6
Entrepreneurial Behavior

The research studies so far reported deal exclusively with estimates of the importance of certain motives or values for a whole nation or culture. They are not, therefore, very illuminating as to the process whereby a motivational level affects economic development. Certainly we are not likely to he satisfied with some such vague concept as a "group mind" which somehow expresses its feelings and aspirations in vigorous economic activity. It should be possible to trace the motivational connection in much more detail. How specifically does a high level of n Achievement result in more rapid economic development? The link is obviously the entrepreneur --the man who organizes the firm (the business unit) and/or increases its productive capacity.

In its most general terms, the hypothesis states that a society with a generally high level of n Achievement will produce more energetic entrepreneurs who, in turn, produce more rapid economic development. But such a simple statement is loaded with difficulties. What, exactly, is an entrepreneur? In what sense is he crucial for economic development? It is true that ever since Schumpeter revived interest in entrepreneurship, many if not most economists and sociologists interested in economic development insist on the importance of the entrepreneur. Thus Hoselitz can write, "If the theorists of capitalism agree on anything, they agree on the fact that with the rise of capitalist production a new class or group of men--call them bourgeois, or entrepreneurs, or businessmen--attained first positions of leadership in the economy and later also in the political and other élites." ( Hoselitz, 1953.) But what about Communist States like Russia? Is the entrepreneur just as important for them? For that matter, what about the classical economists who discuss economic development in terms of inputs and outputs, referring to entrepreneurship, if at all, only vaguely and in passing, possibly because they have as yet found no way to quantify its "quality." Even if we can succeed in defining an entrepreneur and obtaining agreement that he is a key figure in economic development, will he necessarily have higher n Achievement than people in other occupations of equal prestige and importance? If entrepreneurs do have higher n Achievement, did they develop it after entering into their occupation as a response to its pressures or did n Achievement lead them to enter and/or perform successfully in the occupation? If the latter be true, why should a high level of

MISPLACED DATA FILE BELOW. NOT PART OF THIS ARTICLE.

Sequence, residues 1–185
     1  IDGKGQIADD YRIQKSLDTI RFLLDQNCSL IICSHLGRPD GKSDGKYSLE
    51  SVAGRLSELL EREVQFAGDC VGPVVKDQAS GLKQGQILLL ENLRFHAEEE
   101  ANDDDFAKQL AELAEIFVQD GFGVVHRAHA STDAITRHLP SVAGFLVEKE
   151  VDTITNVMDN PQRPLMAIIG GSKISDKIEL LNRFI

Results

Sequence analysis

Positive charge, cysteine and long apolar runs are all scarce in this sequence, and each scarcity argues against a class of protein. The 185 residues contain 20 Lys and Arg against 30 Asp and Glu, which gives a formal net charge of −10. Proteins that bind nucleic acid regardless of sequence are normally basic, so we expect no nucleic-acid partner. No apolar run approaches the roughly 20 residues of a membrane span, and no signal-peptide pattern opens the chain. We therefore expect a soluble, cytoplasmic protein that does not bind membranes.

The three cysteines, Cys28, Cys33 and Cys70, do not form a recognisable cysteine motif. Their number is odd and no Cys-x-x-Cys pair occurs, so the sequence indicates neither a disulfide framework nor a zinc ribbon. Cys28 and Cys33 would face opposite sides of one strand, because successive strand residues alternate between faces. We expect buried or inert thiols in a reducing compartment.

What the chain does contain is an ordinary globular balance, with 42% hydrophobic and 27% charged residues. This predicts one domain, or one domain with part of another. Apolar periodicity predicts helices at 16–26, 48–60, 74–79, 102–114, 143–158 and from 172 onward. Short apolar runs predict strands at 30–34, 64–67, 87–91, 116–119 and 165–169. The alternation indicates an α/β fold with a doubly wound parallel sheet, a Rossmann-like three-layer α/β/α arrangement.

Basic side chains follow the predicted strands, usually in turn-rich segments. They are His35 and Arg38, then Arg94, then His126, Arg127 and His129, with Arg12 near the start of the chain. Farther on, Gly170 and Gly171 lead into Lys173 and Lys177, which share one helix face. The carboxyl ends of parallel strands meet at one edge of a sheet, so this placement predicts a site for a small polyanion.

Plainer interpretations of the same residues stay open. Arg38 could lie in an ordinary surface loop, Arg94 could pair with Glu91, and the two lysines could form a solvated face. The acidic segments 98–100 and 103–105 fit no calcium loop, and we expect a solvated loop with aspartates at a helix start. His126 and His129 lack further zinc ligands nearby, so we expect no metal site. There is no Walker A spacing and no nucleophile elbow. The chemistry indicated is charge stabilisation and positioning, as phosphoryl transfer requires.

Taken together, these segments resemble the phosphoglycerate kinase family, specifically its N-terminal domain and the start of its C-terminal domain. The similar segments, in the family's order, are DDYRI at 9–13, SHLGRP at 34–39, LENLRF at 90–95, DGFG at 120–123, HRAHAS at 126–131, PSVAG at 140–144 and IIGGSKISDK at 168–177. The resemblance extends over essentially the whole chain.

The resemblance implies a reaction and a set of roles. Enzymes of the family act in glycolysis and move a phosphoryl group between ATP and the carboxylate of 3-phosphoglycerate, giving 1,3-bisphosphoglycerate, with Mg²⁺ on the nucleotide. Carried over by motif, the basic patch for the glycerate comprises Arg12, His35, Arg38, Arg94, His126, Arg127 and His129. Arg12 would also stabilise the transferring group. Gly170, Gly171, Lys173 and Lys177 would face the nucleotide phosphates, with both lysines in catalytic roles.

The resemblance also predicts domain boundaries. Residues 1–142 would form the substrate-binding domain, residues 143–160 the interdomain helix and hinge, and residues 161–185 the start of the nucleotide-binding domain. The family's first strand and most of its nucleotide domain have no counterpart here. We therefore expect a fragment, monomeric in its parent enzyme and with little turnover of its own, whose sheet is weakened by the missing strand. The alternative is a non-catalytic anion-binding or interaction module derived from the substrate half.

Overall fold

-205-

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The Achieving Society
Table of contents

Table of contents

  • Title Page iii
  • Preface vii
  • Contents xiii
  • 1 - Explaining Economic Growth 1
  • 2 - The Achievement Motive: How it is Measured and Its Possible Economic Effects 36
  • 3 - Achieving Societies in the Modern World 63
  • 4 - Achieving Societies in the Past 107
  • 5 - Other Psychological Factors in Economic Development 159
  • 6 - Entrepreneurial Behavior 205
  • 7 - Characteristics of Entrepreneurs 259
  • 8 - The Spirit of Hermes 301
  • 9 - Sources of N Achievement 336
  • 10 - Accelerating Economic Growth 391
  • References 439
  • Appendices 451
  • Appendix I 453
  • Appendix II 461
  • Appendix III 464
  • Appendix IV 475
  • Appendix V 488
  • Appendix VI 492
  • Appendix VII 494
  • List of Tables 499
  • Index 503
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